If understand correctly from this post and the Wikipedia page for BitLocker and TPM, by default, BitLocker uses symmetric cryptography like AES. However, TPM is capable of performing RSA encryption. Given that the RSA key is stored in the TPM, why does BitLocker not use asymmetric encryption (i.e., RSA)? By using such an encryption technique, we might be able to defend against the cold boot attack or sniffing on the LPC bus.
Asymmetric encryption is vastly inferior to symmetric encryption. That is, in all respects, except one -- being asymmetric. When that property is needed, there's no way around it, obviously.
Asymmetric encryption is much slower. It is much more susceptible to showing recognizable patterns of some kind given non-random input. You need much larger key sizes to provide an adequate level of protection, and the system is much more vulnerable in general with current and future technology (reasonably-sized quantum computers will basically mean instant death for RSA, but AES is pretty much "yeah, so what" in that respect).
That's the reason why asymmetric encryption is almost never used to encrypt bulk data.
Nothing prevents you from encrypting a terabyte of data with RSA using 2048 bit chunks, much like you encrypt a terabyte with AES in 128 bit chunks. Only just, it doesn't make sense to do that because it is several thousand times slower, and at the same time is much more insecure.
The cold boot attack can be performed on any encryption scheme as long as the keys reside in memory. For full-disk encryption (FDE) with symmetric algorithms like AES, you will need to take the key out from the TPM, where you will be susceptible to a cold boot attack.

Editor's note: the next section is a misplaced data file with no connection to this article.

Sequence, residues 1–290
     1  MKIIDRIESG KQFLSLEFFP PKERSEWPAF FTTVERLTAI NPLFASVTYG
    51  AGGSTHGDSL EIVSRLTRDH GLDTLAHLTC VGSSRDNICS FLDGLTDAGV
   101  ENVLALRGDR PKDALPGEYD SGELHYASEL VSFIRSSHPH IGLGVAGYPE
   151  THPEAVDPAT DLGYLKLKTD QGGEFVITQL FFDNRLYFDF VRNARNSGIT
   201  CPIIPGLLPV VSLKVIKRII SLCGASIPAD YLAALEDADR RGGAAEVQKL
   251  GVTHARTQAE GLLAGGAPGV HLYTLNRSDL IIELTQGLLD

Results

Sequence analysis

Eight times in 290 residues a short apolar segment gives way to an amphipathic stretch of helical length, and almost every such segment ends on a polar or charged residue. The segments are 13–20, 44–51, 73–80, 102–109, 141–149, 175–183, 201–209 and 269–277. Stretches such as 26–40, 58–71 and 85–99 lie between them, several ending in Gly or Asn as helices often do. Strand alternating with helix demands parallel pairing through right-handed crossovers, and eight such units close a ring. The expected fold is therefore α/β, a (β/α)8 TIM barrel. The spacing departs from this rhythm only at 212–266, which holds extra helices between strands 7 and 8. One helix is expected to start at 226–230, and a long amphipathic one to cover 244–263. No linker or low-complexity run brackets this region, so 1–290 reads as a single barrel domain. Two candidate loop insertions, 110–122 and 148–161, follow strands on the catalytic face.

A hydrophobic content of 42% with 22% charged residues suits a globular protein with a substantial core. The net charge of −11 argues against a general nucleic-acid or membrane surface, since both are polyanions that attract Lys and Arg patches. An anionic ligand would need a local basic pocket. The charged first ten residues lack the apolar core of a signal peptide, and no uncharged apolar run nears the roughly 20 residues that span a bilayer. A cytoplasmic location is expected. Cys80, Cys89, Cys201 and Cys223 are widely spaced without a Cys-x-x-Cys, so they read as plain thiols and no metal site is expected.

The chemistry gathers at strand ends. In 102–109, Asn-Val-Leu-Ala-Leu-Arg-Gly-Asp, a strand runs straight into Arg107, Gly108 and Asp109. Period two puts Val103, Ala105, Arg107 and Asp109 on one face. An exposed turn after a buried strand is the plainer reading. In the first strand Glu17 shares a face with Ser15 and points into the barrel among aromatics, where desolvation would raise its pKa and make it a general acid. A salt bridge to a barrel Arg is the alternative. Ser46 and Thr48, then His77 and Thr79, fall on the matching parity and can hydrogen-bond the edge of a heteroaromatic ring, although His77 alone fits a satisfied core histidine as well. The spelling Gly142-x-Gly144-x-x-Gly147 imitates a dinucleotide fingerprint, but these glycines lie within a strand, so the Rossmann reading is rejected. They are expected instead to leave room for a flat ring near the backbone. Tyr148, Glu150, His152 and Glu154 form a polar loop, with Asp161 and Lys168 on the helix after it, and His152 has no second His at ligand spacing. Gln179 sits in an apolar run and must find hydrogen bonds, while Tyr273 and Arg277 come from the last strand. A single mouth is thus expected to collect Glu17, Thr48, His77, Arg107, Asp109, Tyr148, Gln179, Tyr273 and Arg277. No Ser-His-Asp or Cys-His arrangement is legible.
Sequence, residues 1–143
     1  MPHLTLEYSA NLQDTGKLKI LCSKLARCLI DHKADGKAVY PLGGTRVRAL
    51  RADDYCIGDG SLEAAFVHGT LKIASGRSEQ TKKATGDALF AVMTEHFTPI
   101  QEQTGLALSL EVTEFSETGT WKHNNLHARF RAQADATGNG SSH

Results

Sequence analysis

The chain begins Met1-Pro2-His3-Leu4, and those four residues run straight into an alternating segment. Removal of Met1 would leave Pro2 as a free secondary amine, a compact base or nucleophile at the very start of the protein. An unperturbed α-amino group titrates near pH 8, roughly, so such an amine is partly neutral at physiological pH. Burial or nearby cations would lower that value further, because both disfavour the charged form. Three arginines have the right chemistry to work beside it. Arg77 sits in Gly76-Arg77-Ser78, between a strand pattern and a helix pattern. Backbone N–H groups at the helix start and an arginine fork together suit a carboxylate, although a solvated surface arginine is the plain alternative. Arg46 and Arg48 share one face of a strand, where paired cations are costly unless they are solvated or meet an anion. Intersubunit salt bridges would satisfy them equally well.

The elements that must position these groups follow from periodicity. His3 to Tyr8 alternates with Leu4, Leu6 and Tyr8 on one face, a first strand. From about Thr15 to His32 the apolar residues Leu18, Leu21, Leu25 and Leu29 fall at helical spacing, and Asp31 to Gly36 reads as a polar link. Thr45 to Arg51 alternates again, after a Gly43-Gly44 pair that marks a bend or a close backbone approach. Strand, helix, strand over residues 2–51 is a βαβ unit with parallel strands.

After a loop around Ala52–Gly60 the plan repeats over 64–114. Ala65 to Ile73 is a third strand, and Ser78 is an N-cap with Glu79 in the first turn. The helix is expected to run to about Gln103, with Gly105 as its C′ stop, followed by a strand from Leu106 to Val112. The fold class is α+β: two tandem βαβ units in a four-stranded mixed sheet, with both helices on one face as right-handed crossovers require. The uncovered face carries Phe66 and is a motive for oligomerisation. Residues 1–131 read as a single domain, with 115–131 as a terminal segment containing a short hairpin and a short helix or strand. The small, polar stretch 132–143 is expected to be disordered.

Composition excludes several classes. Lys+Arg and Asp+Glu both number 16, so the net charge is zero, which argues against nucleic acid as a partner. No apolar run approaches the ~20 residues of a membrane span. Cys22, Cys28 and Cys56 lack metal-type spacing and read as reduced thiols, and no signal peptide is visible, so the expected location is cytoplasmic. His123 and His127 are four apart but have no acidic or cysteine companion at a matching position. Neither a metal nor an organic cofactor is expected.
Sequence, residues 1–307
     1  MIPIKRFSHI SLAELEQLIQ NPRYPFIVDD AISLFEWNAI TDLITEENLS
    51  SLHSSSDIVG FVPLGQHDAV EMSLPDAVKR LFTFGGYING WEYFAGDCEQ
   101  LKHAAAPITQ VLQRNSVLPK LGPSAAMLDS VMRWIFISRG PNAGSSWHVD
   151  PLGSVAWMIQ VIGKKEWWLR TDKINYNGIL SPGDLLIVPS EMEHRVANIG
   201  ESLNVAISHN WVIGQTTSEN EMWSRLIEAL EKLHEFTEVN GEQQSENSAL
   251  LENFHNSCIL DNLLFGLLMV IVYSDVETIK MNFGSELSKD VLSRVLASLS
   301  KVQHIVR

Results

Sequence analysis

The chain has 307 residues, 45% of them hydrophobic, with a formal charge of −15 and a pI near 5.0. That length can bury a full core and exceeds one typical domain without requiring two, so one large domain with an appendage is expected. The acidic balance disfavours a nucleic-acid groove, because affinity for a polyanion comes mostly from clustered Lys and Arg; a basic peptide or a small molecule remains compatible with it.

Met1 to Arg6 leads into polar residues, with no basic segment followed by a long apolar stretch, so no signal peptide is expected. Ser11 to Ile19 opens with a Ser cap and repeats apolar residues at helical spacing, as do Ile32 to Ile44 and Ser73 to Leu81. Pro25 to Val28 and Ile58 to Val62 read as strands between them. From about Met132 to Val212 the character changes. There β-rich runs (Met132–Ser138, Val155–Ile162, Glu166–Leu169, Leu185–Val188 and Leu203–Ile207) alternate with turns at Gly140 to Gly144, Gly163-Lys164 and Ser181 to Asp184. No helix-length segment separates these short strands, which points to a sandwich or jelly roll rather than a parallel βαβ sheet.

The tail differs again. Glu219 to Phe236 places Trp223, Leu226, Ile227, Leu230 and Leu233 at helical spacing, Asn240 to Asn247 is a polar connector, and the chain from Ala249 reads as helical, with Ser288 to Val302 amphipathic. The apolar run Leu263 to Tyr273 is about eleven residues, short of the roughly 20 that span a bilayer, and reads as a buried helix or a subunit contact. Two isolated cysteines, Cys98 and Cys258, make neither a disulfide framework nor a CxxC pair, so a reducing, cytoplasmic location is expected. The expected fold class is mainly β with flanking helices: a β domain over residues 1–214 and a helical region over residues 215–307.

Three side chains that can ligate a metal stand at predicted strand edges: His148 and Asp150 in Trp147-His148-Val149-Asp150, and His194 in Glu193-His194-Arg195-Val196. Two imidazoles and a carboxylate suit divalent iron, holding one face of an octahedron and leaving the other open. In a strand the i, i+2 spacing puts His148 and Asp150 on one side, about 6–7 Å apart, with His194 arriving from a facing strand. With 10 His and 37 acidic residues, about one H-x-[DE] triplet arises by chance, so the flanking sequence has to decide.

Though the TPM is capable of RSA encryption and decryption, for FDE RSA has problems, in short the speed:
- RSA must use the OAEP scheme to be secure which reduces the message size.
- To speed up public key encryption the public key is selected as 3, 5, ... However, the decryption to access one block will be much slower even if you use CRT to gain 4x speed.
- Even though the TPM can perform RSA encryption on the chip, it will be much slower for Full Disk Encryption (FDE).
Therefore, TPM-based FDEs use TPM for key storage.
TPMs do not perform the actual encryption used for full disk encryption. All they do is encrypt the key while the system is powered off or in a suspended state. The key is decrypted and passed once to the operating system over the LPC bus, which then keeps it in memory while encryption is performed. The reason a TPM would be a poor choice for securely accelerating full disk encryption is threefold:
The TPM communicates over the extremely slow LPC bus (4 bit width at 33 MHz).
The TPM hardware is generally very slow, being designed for security, not speed.
TPMs are not general-purpose encryption coprocessors that take arbitrary keys.
If you really wanted to use it to perform the actual encryption in a way that would mitigate cold boot attacks, you would need to pass the plaintext (or ciphertext) from the disk to the TPM over the LPC bus to encrypt (or decrypt) it, then pass the ciphertext (or plaintext) back over the LPC bus to the computer. This process would be an extremely slow way to avoid cold boot attacks, and would likely be easy to bypass given the ability to tamper with signals on the LPC bus (the TPM would be a decryption oracle!).
Although you could in theory use RSA for bulk encryption, provided you used proper padding like PKCS#1v1.5 or OAEP, it would expand the message (ciphertext would be larger than plaintext), and it would be extremely slow and inefficient. Despite what some other answers have claimed, it would not be insecure when a proper padding scheme is used, but it would be a silly and inefficient use of RSA.